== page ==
Professional tax preparers are not only held to a higher standard when they prepare their return, they are also held to a higher standard in terms of tax preparer investigations. This is due in large part to the way many law enforcement agencies — including the Criminal Investigation Division at the IRS — conisder a person who makes false statements on multiple returns a higher-priority target as opposed to someone who makes false statements on a line or two of one form. If the subsequent tax preparer investigation indicates that willfulness may have been involved, the investigation really kicks into high gear.
Typically, the IRS first becomes interested when a reasonably large batch of returns from the same geographic area all have misstatements. If these errant returns have a common denimoninator, such as the same tax preparation firm, you don’t have to be Sherlock Holmes to anticipate the government’s next move.
Initial Investigatory Steps
Tax preparer investigations have a wrinkle that individual tax return investigations don’t have, viz, the government must prove that the preparer knew the information on the return was false. The burden of proof is rather high in these proceedings, so there must be considerable evidence on this point.
It is much easier for the government to clear this hurdle if all the suspect returns claim the same amount of money for a particular deduction. That happens a lot more than you would think. Information that’s too good to be true also attracts the “hard, cold, steely gaze of the tax auditor.” Normally for example, people who have earned a good living for the last several years do not suddenly become eligible for the Earned Income Tax Credit. Likewise, the stork typically does not deliver older dependents (non-infants) to taxpayers’ doorsteps when there previously were none.
When the CID tax preparer investigation begins in earnest, the T-men normally do not descend directly on the preparer. Instead, they usually start by interviewing the preparer’s clients. This is a time-honored law enforcement technique that often works: Start with the little fish, threaten them or promise them immunity, then work your way up the ladder. As a result, many tax preparers first learn about an investigation from their clients.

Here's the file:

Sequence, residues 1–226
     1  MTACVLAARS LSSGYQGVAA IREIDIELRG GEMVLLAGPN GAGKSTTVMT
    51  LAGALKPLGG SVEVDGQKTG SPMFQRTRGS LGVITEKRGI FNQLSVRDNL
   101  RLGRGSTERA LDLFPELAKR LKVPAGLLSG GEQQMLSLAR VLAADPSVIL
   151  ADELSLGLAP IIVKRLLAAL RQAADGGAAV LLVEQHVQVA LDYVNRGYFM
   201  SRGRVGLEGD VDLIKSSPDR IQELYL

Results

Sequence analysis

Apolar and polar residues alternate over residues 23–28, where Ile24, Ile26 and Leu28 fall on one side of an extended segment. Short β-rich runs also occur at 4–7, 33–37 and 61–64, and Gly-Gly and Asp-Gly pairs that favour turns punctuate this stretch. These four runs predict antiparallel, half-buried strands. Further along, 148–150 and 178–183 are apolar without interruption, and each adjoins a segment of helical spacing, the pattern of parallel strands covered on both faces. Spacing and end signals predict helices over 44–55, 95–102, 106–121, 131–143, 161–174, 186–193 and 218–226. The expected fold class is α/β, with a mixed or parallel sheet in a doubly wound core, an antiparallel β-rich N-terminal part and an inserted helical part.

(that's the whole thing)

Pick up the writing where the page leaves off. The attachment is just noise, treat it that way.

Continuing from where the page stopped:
Investigators also focus on the tax preparer’s process during this phase. They’ll want to know how the preparer conducts client interviews, as a way of uncoveing possible due diligence violations. Additionally, if the preparer gets paid by collecting a portion of any refund, that’s another nail in the coffin. Roughly the same thing applies if the preparer charges a low per-client fee and depends on a high volume to make money, because according to some, that setup creates pressure for the preparer to deliver big refunds and thus keep clients flowing through the door.
Other non-accountant tax preofessionals — such as appraisers — may find themselves targeted as well, and in much the same way as tax preparer investigations unfold.
An extreme approach is usually the best defense to a tax preparer investigation.
Sometimes, especially if the government’s evidence is rather weak, it’s best to be very confrontational and challenge the CID suits at every turn. In this way, the tax preparer investigation will become a drain on limited IRS resources, and there are always fatter fish to fry elewhere. Other times, it’s best to be very conciliatory and work with the investigators.
The nature of the approach often depends on the type of penalties that are on the table, and we’ll discuss that item in a future post.
Latest posts by Venar Ayar (see all)
- Can You Negotiate a Tax Lien Withdrawal? - February 12, 2019
- What’s Considered Reasonable Cause for Penalty Abatement? - February 8, 2019
- Can the IRS Garnish Wages from Both You and Your Spouse? - February 8, 2019